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Riding Mountain Biosphere Reserve
Riding Mountain Biosphere Reserve encompasses the Riding Mountain National Park core area, the transition zone of municipalities surrounding the Park area including the Duck Mountain Provincial Forest.
The Reserve is managed by a Biosphere Reserve Management Committee (BRMC) of adjoining municipalities, area residents and representatives from Riding Mountain National Park and the Province of Manitoba. The committee provides public education on ecosystems, ecotourism and sustainability related to the agricultural economy. The municipal partners encompass 5 PARC communities of Town & RM of Grandview, Town & RM of Gilbert Plains and the RM of Dauphin.
Underdeveloped potential for recreational opportunities, parks and accommodations to serve the tourism and outfitting industry are possible. Recreational fishing is very popular on the lakes and rivers. Maps, activities and more can be found at Parkland Tourism and Travel Manitoba.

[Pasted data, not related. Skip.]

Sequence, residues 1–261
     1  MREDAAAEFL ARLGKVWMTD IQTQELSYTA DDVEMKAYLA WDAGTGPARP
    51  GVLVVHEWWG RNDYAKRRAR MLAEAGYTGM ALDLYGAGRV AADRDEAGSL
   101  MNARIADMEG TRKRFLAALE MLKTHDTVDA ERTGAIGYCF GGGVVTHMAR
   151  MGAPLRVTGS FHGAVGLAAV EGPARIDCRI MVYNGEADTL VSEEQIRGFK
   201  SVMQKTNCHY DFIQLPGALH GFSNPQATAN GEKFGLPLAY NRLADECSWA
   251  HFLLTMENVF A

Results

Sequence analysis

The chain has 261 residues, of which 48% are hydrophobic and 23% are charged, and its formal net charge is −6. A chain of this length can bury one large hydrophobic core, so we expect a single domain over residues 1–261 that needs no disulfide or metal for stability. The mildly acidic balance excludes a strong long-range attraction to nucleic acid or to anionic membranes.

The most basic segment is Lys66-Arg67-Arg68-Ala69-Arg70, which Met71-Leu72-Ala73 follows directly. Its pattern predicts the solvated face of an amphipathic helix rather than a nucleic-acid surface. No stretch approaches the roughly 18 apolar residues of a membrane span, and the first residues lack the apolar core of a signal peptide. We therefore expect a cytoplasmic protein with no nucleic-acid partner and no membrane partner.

Golf & Country Club’s in the area offer scenic golf courses with clubhouse and professional shop. Facilities play host to various community tournaments throughout the summer months.
Keld Park is located 6 miles west of Dauphin on Hwy 5 & 10, 8 miles south on Hwy 274, 2 miles west on Hwy 274 and 4 ¼ miles south on Mile Road 119 west. There is free camping, outdoor bathrooms, a cook shack, green space and has the Vermillion River running through it.
Sifton Beach is located 15 miles north of Dauphin on Hwy 20 north, 3 miles east on Mile Road 162 north and ¼ mile north along the lake. There is a beach area, free camping, outdoor bathrooms, changing rooms and green space.
Stoney Point Beach
Stoney Point Beach is located 8 miles north of Dauphin on Hwy 20 north, 6 miles east on Mile Road 153 north, 1 ¼ miles south and east on Road 103 west, on the shores of Lake Dauphin. There are camping sites available for camping and tenting, three washroom facilities, showers, fire pits, picnic tables and cook shack. Weekly and monthly prices are also available. For more information contact Stoney Point Beach Committee at (204) 638-6052
Gilbert Plains Centennial Park